Lawmakers in Utah and Colorado are promoting legislation to raise the legal age for tobacco use to 21, a higher standard than imposed by any other state, saying they want to discourage young people from picking up a lifelong smoking habit.
Supporters say keeping tobacco out of the hands of young adults will save thousands of lives, even as critics complain that Americans who are old enough to vote and serve in the military should not be deemed too young to decide on their own if they should smoke.
In a dramatic display of the risks of smoking, lawmakers in Utah, a heavily Mormon and conservative state, hosted a wheelchair-bound and oxygen-tank-dependent 86-year-old longtime smoker at a committee hearing this week.
"I think a picture is worth a thousand words. I'm that picture," Betty Lawson, who suffers from smoking-related pulmonary disease, told a Utah Senate health committee on Thursday.
"Nineteen-years-old, I picked up my first cigarette. It's a creeping, insidious thing that has you before you know it and you can't turn loose," she said.
A Utah bill to raise the smoking age to 21 advanced from a committee hearing in the state Capitol on Thursday and now awaits consideration by the full Senate. If passed and signed into law, the legislation would take effect on Jan. 1, 2016, to allow smokers now ages 19 or 20 to turn 21.
A House committee on health, insurance and environment in outdoor-oriented Colorado also advanced its proposed legislation on Thursday with Democratic support. Republicans voted against it.
The Colorado legislation would grandfather-in current tobacco users between ages 18 and 21.
The legal age for the use, purchase or possession of tobacco in most states is 18, including in Colorado. A handful of states — Alabama, Alaska, New Jersey and Utah — have set the smoking age slightly higher at 19.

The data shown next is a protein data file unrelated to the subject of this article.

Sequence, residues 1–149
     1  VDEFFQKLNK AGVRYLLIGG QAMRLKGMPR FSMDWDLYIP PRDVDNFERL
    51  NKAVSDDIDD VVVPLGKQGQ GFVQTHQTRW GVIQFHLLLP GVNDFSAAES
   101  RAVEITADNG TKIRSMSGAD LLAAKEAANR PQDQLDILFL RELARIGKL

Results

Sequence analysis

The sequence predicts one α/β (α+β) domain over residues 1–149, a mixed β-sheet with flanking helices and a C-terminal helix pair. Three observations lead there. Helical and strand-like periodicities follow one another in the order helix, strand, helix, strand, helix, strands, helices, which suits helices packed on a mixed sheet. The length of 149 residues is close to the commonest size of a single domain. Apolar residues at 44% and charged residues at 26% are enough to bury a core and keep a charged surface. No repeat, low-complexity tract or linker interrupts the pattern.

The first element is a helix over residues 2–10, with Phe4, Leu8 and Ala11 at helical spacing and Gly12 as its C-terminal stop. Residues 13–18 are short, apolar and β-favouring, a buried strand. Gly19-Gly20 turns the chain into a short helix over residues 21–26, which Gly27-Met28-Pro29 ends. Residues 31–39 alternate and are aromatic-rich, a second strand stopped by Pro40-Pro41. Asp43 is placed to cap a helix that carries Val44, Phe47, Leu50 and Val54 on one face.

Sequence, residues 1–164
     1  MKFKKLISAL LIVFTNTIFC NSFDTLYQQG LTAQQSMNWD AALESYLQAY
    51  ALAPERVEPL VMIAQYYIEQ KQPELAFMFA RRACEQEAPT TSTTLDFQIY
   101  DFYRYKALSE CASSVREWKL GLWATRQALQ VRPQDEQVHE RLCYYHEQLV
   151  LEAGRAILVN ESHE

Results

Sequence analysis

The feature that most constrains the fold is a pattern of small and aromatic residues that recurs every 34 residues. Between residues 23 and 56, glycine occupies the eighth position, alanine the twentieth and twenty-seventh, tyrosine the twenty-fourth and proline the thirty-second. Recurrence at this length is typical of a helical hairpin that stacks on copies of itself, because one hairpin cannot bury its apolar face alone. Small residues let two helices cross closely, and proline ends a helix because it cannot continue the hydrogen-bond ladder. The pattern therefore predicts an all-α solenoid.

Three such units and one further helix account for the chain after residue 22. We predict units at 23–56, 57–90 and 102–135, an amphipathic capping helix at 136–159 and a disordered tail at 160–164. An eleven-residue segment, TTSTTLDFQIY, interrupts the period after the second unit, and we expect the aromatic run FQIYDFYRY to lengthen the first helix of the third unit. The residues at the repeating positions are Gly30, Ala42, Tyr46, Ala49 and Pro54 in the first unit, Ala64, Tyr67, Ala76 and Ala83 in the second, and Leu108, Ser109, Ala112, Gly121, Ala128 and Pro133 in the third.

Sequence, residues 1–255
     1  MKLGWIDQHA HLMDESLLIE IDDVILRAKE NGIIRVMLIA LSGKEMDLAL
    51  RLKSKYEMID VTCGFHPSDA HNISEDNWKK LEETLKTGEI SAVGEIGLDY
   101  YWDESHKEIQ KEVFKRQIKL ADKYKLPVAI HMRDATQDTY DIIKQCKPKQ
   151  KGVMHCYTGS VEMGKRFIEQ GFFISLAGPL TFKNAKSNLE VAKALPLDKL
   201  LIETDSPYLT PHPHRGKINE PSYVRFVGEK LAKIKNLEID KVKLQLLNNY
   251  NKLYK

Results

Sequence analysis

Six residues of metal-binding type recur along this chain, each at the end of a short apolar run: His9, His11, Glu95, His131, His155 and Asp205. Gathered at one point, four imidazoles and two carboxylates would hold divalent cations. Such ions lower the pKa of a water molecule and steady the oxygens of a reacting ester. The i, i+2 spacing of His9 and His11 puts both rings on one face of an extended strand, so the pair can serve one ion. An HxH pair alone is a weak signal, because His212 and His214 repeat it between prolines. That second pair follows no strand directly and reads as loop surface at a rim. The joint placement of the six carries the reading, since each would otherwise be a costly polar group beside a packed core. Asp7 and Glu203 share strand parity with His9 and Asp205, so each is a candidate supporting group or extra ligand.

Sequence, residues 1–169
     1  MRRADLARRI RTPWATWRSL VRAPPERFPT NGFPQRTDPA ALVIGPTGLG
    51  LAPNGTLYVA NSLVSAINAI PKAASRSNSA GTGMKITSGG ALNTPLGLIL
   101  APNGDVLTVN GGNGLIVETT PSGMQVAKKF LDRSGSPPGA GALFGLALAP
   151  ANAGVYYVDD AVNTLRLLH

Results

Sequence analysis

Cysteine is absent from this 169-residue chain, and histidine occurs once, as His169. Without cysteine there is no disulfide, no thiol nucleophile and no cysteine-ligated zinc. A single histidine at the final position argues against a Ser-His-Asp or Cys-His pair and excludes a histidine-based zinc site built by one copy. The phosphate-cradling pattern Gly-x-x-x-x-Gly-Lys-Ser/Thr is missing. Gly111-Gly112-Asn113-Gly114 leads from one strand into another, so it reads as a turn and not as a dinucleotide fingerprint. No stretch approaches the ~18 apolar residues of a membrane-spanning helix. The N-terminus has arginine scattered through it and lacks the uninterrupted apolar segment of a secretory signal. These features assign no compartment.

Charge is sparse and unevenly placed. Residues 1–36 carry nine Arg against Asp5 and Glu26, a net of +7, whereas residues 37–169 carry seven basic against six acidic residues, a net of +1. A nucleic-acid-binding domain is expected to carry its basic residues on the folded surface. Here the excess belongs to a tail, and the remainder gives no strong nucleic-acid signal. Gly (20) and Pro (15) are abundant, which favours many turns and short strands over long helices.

Last year, New York City and Hawaii County in Hawaii each raised the smoking age to 21, although no state has set the legal smoking age that high.
Data from the Atlanta-based federal Centers for Disease Control and Prevention (CDC) indicate 42 million people, or about 18 percent of all adults, are smokers.
Utah, where many residents are active in the Church of Jesus Christ of Latter-Day Saints which discourages tobacco use, had the lowest smoking rate in the country in 2011 at about 12 percent. Colorado's smoking rate was about 18 percent that year, CDC data shows.
Utah health data has shown the years between 19 and 21 seem to have significant impact on smoking rates, Heather Borski, director of the state's bureau of health promotions. About 6 percent of Utah 12th graders say they use tobacco, but the number doubles to nearly 13 percent by age 21.
"Nineteen and 20 appear to be a critical transition period," she said.
Opponents of the legislation in both states do not dispute the health concerns that arise from smoking, but argue it is unfair to position the proposals as youth protection bills when those targeted by the legislation are legal adults.
"At what point do we as adults become qualified to make what may be bad decisions?," asked Dave Davis, a lobbyist for Utah's food industry and retail merchant associations.
Colorado state Representative Beth McCann, a Democrat, countered that smoking is a public health matter. "Joining the military and voting are privileges, but smoking is going to kill you or cause health problems and that adds to healthcare costs."
McCann's bill is now set for consideration by a finance committee. Legislative staff estimate that if her proposal became law, the state would lose $5.6 million annually in taxes from tobacco and tobacco-related product sales. Utah fiscal analysts predict a loss of about $2.7 million in taxes.
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